FRANCE

3. Tax System: General Concepts

A. Income Tax And Capital Gains Tax

Individual residents in France are taxed on their worldwide income, while non-resident individuals are only taxed on their French-source income. In 2011, rates varied from 0 per cent to a maximum of 41 per cent (plus 12.3 per cent for social contributions in respect of French tax residents). Individuals are also taxed on certain capital gains (e.g. gains arising from the sale of buildings and land or the sale of shares).

B. Gift And Inheritance Tax

Tax is not imposed on the donor or on the estate of the deceased, but on each beneficiary, based on what that beneficiary receives. Tax is due on worldwide assets when either the deceased or the beneficiary is domiciled in France, but only on French assets when both the deceased and the beneficiary are domiciled outside France. The rate of taxation is dictated by the degree of relationship to the deceased. A child is taxed at rates ranging from 5 per cent to 45 per cent, collateral relations are taxed at rates ranging from 35 per cent to 45 per cent, while for unrelated beneficiaries the rate is 60 per cent. Surviving spouses and civil partners are fully exempt from inheritance tax (but not from gift tax).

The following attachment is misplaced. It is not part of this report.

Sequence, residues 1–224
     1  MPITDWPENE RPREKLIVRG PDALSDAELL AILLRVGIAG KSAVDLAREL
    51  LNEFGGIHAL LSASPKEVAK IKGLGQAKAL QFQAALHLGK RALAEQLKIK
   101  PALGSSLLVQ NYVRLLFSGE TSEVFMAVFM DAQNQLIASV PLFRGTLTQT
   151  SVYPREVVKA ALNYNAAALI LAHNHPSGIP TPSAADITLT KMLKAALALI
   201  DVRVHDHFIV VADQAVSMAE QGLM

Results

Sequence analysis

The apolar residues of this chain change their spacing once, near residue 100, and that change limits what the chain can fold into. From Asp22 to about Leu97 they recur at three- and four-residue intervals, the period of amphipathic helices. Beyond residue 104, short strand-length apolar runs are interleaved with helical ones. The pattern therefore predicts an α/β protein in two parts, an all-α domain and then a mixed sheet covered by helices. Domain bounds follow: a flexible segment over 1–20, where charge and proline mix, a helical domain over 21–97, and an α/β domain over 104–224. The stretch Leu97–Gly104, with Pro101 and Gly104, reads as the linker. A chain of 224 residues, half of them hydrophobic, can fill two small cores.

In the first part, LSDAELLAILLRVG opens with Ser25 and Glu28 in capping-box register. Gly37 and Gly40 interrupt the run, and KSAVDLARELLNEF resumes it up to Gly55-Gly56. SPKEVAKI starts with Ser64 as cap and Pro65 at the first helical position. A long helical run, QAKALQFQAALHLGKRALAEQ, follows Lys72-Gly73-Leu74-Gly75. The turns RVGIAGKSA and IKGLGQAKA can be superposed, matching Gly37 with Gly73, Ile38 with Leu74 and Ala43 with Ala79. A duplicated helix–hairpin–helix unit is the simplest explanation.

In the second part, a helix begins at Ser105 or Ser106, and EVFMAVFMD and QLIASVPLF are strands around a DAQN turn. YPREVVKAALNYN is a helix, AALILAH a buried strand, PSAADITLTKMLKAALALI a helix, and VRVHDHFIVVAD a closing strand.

C. Wealth Tax